MICHAEL KRAMER AND THE CLIENTS OF MOTT CAPITAL OWN NFLX, AAPL, GOOGL, NFLX
With the week being shortened due to the Christmas holiday and some investors on vacation, liquidity may come at a premium. Meanwhile, volatility has been heightened as the market continues to fall. Let us not forget that Friday was quadruple witching when options and future expire. It added an extra layer of volatility to Friday’s sell-off, mix in concerns around the government shut down, the resignation of Defense Secretary Mattis, all sorts of negative headlines of doom and gloom, the end of the world and there were no reasons for stocks to rise on Friday.
I came across this interesting article on ZeroHedge this weekend, about pension funds needing to rebalance their portfolios this week. According to the article, pension funds will need to buy a record $60 billion in stocks this week. It is a rare bullish article post on ZeroHedge.
Do Your Own Homework
Here is another reason you should take much of what you read with a grain of salt, or at the very least check multiple sources before forming an opinion. It came out this week that a star reporter for Der Spiegel a very well-known German publication fabricated his award-winning articles.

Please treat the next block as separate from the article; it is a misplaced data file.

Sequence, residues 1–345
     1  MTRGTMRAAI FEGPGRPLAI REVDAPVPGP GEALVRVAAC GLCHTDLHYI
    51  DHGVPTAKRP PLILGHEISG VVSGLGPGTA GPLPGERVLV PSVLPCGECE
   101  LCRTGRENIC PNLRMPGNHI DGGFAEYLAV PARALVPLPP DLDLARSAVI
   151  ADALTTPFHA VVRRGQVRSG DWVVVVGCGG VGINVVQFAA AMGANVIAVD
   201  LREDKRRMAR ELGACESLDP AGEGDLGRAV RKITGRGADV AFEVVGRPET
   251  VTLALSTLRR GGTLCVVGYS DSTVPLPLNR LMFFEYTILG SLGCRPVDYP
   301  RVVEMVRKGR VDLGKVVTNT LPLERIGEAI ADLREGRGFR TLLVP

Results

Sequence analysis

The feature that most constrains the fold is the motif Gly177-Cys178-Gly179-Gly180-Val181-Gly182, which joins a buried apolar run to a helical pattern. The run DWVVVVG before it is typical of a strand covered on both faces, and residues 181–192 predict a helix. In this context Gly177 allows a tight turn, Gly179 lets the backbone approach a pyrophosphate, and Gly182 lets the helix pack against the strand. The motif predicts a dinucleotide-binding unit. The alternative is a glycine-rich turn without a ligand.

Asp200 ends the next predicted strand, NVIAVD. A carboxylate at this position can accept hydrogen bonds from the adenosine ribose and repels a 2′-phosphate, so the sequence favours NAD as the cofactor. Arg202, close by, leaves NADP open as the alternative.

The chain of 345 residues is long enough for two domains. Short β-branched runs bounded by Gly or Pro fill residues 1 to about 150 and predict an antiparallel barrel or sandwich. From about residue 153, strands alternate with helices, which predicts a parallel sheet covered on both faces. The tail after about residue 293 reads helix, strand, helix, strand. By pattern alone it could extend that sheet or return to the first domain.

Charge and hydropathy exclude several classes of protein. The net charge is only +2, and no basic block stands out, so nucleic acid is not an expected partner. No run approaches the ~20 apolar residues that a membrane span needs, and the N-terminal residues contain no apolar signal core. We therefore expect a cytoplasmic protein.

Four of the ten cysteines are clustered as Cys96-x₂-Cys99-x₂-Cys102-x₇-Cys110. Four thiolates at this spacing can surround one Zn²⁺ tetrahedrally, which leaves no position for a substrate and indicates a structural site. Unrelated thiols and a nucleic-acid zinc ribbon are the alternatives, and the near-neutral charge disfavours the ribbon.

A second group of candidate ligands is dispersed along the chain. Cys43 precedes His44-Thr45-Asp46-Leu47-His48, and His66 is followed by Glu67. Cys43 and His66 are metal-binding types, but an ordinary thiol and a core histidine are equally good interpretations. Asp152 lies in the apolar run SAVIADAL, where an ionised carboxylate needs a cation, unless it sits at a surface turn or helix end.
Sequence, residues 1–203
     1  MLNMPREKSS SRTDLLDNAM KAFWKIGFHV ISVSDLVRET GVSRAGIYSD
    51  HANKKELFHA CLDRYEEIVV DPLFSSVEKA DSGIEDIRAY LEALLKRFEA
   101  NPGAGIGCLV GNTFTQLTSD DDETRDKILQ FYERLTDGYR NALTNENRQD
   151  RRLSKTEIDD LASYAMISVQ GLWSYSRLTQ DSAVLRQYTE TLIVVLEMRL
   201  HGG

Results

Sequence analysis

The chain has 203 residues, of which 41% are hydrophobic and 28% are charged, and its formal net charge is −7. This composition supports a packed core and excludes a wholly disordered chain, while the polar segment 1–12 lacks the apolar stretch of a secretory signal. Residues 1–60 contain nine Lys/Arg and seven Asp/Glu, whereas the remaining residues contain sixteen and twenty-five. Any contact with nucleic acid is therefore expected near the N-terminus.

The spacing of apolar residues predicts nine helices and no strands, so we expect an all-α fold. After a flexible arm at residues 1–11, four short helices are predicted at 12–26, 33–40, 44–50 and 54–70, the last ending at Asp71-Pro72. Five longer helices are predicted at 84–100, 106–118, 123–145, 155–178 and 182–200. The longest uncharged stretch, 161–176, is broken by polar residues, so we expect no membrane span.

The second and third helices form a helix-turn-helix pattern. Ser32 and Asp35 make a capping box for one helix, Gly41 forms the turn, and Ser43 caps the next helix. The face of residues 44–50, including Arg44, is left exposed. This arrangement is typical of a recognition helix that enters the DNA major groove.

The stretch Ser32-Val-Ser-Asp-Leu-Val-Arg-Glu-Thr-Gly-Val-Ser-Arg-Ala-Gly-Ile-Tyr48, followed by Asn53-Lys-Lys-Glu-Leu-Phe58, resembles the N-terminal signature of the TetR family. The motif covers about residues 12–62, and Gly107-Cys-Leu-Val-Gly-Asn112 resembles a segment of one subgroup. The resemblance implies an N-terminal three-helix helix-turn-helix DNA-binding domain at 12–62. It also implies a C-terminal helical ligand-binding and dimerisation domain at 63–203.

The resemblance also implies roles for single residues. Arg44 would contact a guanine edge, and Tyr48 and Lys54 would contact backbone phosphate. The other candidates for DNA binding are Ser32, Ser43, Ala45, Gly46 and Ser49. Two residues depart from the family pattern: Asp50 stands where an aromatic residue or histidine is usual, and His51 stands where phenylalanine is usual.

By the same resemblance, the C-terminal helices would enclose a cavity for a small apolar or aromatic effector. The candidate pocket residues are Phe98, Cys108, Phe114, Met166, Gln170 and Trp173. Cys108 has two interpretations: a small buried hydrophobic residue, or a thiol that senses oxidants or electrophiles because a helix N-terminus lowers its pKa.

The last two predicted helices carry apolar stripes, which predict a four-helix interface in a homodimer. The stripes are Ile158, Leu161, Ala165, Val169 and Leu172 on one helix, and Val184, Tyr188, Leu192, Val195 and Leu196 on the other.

So what does this all have to do with investing, well, I think you need to think for yourself and form your own opinions and do what is best for yourself. Nobody knows your needs better than you do, and sometimes your gut is the best guide on these topics. There is no right and wrong answer, you are not part of a cookie cutter press. You do what lets you sleep at night.
Anyway, in another interesting tidbit, after Jeff Gundlach tanked the market a few days back during his CNBC interview, I guess Jim Cramer said something Jeff didn’t like. Anyway, I guess Jim Cramer doesn’t have as long of a leash at CNBC as I thought. I watched that interview with Jeff, and I am nowhere near his level, nor are many, but I do disagree with him on some topics. First was his comment about the deficit.
When we look at the chart below, the deficit for November was quite reasonable and not nearly as dire as the bond kind made it seem during his interview.
Let me be clear, we can see the budget deficit in November was no different nor deeper than in previous months.
Anyway, in our quest for knowledge and the outlook for the economy, I turned to IMF. There report from October noted in the summary:
The steady expansion underway since mid-2016 continues, with global growth for 2018–19 projected to remain at its 2017 level. At the same time, however, the expansion has become less balanced and may have peaked in some major economies. Downside risks to global growth have risen in the past six months and the potential for upside surprises has receded.
Indeed not a surprise, right? This seems to come in agreement to much of our earlier views and research.
Additionally, the IMF suggests that growth in the US may slow to 2.5% in 2019, down from their estimates of 2.9% in 2018. That can be found on page 39.